An end to the debate around the notion of “farmer” in French bankruptcy law
The French commercial code not only allows, but privileges the solution above all others, for businesses entering administration proceedings to propose a ten year payment plan of their debts. It is only if the financial documentation concerning the performance of the business shows that this payment plan isn’t possible that other solutions are pursued, such as the sale of the business sanctioned by the courts, or liquidation proceedings.
Exceptionally, the French commercial code favourably provides that farmers can ask for a payment plan lasting for up to fifteen years (Article L. 626-12 French commercial code).
Before November 2017, the French courts liberally applied this text, making no distinction between a farmer as an individual, or a company with a farming activity (EARL).
However, in November 2017, the High Court ruled that the favourable disposition of 15 year plans could only apply to a natural, physical person (Cour de cassation chambre commerciale 29 novembre 2017 n°: 16-21032).
The wording of the legal disposition referred to a “farmer”, without specifying if the farmer must be a physical person, or could also include any legal entity that had an activity of farming. Indeed, the societal and company types available to farmers in order to organize their activity whilst protecting their personal estate are large and varied, and well used. The company form also manages to associate several family members to a single farm.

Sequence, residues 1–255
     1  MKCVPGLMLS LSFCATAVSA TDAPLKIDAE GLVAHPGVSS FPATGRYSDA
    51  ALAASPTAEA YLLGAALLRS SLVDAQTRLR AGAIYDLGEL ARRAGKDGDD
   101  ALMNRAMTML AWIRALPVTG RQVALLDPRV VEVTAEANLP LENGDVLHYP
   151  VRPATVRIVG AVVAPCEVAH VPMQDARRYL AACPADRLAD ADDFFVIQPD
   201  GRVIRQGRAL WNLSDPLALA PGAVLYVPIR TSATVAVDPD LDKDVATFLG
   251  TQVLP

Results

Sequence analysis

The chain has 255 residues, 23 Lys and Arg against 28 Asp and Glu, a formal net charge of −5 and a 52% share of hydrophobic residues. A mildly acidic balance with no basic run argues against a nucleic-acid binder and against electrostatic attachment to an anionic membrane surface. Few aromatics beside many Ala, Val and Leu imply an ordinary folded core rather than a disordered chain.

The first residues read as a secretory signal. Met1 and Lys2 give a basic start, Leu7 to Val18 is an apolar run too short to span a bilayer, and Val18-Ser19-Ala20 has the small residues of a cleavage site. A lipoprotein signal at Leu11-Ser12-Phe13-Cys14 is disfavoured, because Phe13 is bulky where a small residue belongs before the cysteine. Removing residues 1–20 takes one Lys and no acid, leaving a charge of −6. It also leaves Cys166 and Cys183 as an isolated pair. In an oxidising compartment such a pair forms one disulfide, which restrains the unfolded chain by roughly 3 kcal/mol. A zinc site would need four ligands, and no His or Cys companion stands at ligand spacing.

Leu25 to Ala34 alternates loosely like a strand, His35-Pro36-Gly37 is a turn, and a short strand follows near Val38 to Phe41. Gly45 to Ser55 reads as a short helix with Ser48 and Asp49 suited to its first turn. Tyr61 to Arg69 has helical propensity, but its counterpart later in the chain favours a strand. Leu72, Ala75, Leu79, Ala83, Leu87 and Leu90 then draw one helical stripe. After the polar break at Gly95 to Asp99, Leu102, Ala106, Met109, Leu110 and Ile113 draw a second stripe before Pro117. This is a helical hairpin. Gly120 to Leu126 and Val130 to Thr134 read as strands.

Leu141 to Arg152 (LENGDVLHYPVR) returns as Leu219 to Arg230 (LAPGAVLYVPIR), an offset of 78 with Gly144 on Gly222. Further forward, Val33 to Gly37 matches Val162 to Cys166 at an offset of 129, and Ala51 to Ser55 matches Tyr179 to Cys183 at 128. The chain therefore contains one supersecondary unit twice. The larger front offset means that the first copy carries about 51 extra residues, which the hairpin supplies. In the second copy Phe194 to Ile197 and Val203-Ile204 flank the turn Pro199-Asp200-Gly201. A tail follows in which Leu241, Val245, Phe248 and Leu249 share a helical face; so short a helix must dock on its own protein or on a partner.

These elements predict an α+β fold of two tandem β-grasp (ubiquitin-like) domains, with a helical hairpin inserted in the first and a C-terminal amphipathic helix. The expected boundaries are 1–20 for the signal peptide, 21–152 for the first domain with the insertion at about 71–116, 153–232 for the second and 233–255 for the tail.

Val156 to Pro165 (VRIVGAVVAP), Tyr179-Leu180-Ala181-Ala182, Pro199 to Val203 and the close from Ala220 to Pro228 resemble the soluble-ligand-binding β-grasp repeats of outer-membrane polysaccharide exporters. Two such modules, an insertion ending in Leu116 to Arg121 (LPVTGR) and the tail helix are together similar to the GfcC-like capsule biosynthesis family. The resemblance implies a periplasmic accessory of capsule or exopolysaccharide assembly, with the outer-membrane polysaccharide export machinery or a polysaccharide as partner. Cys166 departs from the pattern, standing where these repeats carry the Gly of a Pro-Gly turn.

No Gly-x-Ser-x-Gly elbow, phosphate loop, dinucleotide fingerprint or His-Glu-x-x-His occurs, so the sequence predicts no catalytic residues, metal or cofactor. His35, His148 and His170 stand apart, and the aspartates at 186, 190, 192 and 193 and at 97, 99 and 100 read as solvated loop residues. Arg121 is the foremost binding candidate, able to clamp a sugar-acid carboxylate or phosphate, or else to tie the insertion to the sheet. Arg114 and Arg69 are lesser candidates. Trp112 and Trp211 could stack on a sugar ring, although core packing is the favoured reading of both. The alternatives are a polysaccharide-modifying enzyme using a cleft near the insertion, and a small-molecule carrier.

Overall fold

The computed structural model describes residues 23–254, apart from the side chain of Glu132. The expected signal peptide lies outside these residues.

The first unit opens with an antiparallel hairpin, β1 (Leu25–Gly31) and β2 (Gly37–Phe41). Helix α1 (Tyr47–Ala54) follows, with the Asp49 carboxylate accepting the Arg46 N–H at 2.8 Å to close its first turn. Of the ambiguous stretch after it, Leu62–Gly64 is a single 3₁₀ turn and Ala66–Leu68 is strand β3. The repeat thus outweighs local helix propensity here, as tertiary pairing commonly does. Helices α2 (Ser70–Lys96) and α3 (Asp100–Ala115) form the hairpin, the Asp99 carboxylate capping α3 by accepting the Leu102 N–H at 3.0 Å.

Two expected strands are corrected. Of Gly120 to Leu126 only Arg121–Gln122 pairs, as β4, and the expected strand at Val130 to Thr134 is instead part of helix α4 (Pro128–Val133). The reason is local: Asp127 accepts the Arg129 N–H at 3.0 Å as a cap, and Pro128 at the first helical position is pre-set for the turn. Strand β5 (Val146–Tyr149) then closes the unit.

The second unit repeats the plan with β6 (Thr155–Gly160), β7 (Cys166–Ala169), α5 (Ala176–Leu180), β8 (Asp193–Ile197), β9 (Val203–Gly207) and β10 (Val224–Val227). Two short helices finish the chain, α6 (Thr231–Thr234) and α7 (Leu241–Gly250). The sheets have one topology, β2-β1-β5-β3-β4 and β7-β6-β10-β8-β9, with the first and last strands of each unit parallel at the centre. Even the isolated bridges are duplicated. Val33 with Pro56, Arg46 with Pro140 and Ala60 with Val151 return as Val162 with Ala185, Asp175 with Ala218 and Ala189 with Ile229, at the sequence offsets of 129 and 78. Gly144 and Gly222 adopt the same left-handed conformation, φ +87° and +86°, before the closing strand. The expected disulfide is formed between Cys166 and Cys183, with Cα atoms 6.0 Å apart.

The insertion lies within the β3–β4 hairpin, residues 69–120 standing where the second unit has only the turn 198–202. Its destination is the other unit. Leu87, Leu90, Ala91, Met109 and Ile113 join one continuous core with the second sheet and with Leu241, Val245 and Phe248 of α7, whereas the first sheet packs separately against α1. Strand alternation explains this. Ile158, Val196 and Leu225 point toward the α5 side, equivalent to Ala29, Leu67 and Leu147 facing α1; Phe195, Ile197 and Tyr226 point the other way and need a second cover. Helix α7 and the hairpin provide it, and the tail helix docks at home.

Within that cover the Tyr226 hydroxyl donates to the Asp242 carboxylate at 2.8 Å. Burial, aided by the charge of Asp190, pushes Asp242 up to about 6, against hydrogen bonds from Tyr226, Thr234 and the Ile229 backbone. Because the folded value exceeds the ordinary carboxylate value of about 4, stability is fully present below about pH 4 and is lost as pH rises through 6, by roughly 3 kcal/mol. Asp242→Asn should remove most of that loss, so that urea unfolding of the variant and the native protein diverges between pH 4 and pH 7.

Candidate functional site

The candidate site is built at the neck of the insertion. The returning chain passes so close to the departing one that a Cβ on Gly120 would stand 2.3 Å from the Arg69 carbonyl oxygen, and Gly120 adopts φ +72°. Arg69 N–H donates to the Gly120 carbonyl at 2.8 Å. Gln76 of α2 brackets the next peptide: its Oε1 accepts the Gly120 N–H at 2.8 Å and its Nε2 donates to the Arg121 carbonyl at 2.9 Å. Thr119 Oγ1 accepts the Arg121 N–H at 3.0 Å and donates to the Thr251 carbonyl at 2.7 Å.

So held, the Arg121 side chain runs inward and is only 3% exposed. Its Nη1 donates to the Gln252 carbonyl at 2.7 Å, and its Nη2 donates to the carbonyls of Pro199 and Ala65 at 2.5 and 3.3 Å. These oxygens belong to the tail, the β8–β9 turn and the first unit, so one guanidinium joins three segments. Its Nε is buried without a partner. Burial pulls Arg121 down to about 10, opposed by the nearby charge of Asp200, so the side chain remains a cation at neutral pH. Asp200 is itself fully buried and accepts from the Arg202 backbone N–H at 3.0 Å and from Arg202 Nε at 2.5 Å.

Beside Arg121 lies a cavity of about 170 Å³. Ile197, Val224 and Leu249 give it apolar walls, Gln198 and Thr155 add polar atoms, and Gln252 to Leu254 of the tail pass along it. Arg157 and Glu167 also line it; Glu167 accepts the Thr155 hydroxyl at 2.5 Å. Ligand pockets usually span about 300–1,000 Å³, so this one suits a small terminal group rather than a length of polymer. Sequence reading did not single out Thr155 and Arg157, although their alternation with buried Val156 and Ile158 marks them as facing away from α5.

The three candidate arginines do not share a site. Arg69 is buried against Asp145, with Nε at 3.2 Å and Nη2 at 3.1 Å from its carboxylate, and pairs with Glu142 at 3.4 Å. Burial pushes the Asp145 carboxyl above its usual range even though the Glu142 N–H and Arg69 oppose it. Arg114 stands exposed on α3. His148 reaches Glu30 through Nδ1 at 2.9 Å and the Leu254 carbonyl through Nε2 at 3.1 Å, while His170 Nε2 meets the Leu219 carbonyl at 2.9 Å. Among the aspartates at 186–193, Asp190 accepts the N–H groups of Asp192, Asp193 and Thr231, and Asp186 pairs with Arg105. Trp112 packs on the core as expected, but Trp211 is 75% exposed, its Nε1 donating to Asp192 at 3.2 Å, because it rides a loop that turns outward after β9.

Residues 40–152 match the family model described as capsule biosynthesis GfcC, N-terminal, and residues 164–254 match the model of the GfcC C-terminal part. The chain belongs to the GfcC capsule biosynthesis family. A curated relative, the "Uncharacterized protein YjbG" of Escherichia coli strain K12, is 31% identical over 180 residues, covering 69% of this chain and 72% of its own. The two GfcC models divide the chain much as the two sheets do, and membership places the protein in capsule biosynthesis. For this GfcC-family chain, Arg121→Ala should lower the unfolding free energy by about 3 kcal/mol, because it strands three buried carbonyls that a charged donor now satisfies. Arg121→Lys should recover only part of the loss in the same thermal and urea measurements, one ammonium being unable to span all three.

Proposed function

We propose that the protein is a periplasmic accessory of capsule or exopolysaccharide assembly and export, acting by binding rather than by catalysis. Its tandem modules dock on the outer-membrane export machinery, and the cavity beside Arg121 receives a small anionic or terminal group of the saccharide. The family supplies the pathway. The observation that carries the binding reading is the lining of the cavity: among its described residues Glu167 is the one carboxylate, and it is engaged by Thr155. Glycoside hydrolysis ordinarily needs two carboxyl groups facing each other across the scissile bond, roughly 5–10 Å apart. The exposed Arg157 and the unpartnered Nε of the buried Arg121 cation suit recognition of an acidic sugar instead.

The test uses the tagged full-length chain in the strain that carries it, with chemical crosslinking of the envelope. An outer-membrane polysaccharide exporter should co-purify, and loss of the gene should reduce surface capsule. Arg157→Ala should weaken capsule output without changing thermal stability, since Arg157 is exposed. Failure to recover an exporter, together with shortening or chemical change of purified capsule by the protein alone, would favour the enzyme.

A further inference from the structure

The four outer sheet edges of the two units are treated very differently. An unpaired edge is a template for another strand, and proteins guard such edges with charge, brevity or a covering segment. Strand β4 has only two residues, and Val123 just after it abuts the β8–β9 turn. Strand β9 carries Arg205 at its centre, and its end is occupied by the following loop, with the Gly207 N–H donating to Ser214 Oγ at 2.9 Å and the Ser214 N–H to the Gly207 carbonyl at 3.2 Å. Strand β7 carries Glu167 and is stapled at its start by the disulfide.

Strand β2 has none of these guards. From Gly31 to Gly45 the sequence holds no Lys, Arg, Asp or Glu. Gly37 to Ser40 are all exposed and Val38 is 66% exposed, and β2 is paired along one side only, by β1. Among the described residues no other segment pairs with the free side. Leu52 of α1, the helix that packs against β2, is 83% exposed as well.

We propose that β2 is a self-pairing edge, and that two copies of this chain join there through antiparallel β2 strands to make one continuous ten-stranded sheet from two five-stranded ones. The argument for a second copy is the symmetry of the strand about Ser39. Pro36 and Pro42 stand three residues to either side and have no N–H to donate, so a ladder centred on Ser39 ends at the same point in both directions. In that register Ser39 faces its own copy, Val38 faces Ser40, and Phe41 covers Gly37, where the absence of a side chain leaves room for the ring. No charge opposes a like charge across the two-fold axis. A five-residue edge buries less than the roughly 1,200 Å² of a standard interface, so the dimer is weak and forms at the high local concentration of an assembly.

Consequently, the High Court ruled out the possibility for farming companies to benefit from the 15 year plan. The spirit might have been to not permit large businesses to benefit from the legal dispositive. Unfortunately, the numerous families or couples, having organized their activity through a legal entity, suffered the same fate. Many held the position that this decision went against the spirit of the text when the French legislator created it.
Also, this reversal meant that the practice sanctioned by the courts for many years could be put into question. Were the ongoing payment plans, sanctioned for 15 years by the courts (often against the will of reticent creditors) legal? Could they be put into question? The decision also left incertitude as to the application of the text to all legal entities or to just some: did the new rule apply to just commercial forms of farming companies, or include also partnerships, even specific types of partnerships only available to farming businesses?
The “PACTE” Law, definitively adopted by the French Parliament the 11th of April 2019, finally puts an end to this incertitude. The law sees a return to the practice used before November 2017 and the High Court decision, allowing farming companies and partnerships to benefit from a 15 year plan, the vital criteria to exercise a farming activity, that is defined in the Rural and Maritime Fishing Code (Article L. 311-1).
The legislation is welcome, not only to put an end to the uncertainty around the scope of the law, but also to avoid penalising small farming businesses.